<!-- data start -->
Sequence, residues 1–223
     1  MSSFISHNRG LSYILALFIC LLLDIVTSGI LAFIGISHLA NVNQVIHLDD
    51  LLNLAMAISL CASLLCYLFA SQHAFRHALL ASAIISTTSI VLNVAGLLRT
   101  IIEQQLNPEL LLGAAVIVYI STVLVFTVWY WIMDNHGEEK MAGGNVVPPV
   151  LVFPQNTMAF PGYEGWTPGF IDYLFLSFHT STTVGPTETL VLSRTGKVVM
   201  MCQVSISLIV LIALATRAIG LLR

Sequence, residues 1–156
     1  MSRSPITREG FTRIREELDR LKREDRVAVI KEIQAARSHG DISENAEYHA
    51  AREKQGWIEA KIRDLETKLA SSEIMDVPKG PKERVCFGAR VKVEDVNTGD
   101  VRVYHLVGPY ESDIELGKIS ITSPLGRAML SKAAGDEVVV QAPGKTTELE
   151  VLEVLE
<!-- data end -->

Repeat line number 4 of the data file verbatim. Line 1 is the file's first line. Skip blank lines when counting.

   101  IIEQQLNPEL LLGAAVIVYI STVLVFTVWY WIMDNHGEEK MAGGNVVPPV